The passing of Harry Lee and what Singapore has to prove

The passing of Singapore’s founding Prime Minister Lee Kuan Yew or Harry Lee, today marks an end to an era in ASEAN when nations were built on the remains of white colonialism. In 2015 these nations with the exception of Timor Leste have been built. What is needed is to strengthen these nations, preferably in a democratic orientation. Timor Leste still needs a lot of assistance economically and in its political institutions but is on the right way.

It is inaccurate to say that Singapore was a creation of Mr Lee. It was a creation of the imperialist British, just like its neighbour Malaysia. Mr Harry Lee, Cambridge educated barrister with a law double honours, eventually became the island’s first Prime Minister when it achieved self government in Britain’s Commonwealth in 1959. But Singapore was too small to be a viable nation state, and so had to join a Federated Malaysia. The new Malaysian state had been born with racial questions and tensions. How will Singapore’s predominantly Straits Chinese live with a Malaysia whose survival will be guaranteed by granting the Malays ascendancy?

The answer would tearfully come in 1965 when the Tunku and his Parliament in Kuala Lumpur voted to expel Singapore from the Federation. As a tearful Lee would say later on, this is the only case where independence was forced on a people who were unwilling to have it.

Singapore had to go on as an independent state without a hinterland. This whole process had to be skillfully and diplomatically navigated by Lee’s government since Malaysian troops were still in Singapore and Singapore had no army. Lee could not afford to warmonger and a modus vivendi had to be sought with Malaysia through a series of agreements. This modus was also for Malaysia’s benefit since both nations needed to ensure racial harmony or risk fragmentation. Singapore was one big British military base and while for a time the British provided the security umbrella, they eventually withdrew in 1969. Singapore had to build an armed forces from scratch and for this sought Israeli expertise. Singapore faced threats from Indonesia and Malaysia. Israeli involvement did not amuse Jakarta and Kuala Lumpur.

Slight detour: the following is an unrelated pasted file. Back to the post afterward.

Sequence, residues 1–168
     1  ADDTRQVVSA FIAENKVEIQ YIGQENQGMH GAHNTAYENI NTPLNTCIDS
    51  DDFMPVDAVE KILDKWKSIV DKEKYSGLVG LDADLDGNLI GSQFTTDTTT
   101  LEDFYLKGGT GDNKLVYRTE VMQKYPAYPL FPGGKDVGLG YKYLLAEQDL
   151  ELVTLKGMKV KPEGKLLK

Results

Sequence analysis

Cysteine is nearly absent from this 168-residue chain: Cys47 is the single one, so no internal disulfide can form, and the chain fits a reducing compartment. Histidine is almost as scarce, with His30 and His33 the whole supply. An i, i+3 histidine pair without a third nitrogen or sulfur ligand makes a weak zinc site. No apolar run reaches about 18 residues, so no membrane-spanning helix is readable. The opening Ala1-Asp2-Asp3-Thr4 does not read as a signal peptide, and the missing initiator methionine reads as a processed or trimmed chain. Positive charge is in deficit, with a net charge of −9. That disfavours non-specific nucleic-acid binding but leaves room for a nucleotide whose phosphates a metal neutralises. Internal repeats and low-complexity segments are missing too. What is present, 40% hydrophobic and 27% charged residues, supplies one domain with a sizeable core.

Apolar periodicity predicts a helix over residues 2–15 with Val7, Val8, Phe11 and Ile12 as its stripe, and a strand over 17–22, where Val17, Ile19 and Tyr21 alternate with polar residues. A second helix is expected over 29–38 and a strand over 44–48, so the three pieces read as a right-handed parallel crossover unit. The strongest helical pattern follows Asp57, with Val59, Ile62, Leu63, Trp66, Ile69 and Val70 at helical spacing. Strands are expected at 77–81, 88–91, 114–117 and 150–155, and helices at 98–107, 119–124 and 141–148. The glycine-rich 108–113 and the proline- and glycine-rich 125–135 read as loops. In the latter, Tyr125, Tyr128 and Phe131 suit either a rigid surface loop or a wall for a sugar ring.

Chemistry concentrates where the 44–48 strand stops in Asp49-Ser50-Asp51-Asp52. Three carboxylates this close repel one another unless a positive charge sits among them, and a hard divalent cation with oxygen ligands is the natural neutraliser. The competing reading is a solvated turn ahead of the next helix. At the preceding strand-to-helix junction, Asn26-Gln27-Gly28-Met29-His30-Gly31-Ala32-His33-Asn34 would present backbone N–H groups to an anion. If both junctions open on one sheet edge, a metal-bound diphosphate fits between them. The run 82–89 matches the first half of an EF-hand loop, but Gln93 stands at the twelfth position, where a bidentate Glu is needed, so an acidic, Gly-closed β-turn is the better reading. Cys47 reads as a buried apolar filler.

Singapore therefore was born in a siege mentality. It had to prove it was viable to be a nation which meant that it had to ensure racial harmony. And there would be no better man for this than Harry Lee. Furthermore Mr Lee also had to ensure class harmony and being pragmatic enough, he used socialist approaches to do so. Lee’s Peoples Action Party at the start allied with the Marxists but after gaining power in parliament, jailed them. Since the new independent state had to be viable, there had to be curbs on free speech and association.

PAP has ruled Singapore since 1959. It was pragmatically socialist with a meritocratic ideology. This socialism we can say was built on meritocracy. But rather ironically, while it assumes everyone is equal, this creates a new system of classes and creates a new inequality. Lee’s remarks about the Filipino elite should be contextualized in Lee’s meritocratic pragmatism in a Confucian context.  The Filipino elite is there only on pretended privilege and should be kicked out but for Lee this is via meritocratic processes.

Nonetheless, Lee’s ideology is what built Singapore and what made Singapore viable as an OECD economy. It is a nation that adheres to rule of law, transparent and corruption free.  But the question of Singapore’s viability as a nation state once again comes up to fore, with a recent race riot that shocked me (a frequent visitor to the city state) and many Singaporeans.  Other factors that are very worrisome is decreasing competitiveness and a growing anti immigrant sentiment. Younger Singaporeans, many of whom have studied or worked in liberal democracies, are demanding more latitude for freedoms the liberal West takes for granted. There are signs that BG Lee’s (Harry Lee’s son) government has loosened up with some of the restrictions but more freedom of the press remains to be seen.

With Lee’s passing, Singapore will be on the way to be a mature nation. The siege mentality will be of historical interest and PAP which has benefited from the workings of a responsible Westminister form of government will have to choose which from the Liberal democratic tradition is compatible with Singaporean society.

Filipinos who admire Lee have reasons to do so. Many of them are from the affluent middle and upper classes but if they want a Philippines run by someone like Harry Lee, a few inconvenient freedoms have to be dispensed with for the moment. Some redistribution is needed and remember this has socialist flavour. The State has to decide if they can buy cars or if they merit a condominium unit. Everyone has to study in a state school and all have a chance in doing so.  However not everyone can merit to attend university. Higher education should be merited. Academic freedom is presumed to be limited by the state’s priorities. I do know this for a fact from my Singaporean colleagues.  Private schools are complementary and are strictly regulated by the State in order to maintain standards and professionalism. No CHED style deregulation here!   But the trade off is attractive, a National University that is world class with fast Internet connection everywhere, a working and dependable MRT, the most modern military in ASEAN and litter free streets. And best of all, there is practically no petty crime. Big crimes are dealt with harshly always in accordance with Singapore law.  Singapore despite a  reputation with the liberal West as a  “repressive” state is no police state. Nobody gets extrajudicially punished or killed in Singapore.  Singapore will never be able to accept disciplinarian local executives idolized by the PH urban middle classes unless they act according to the law!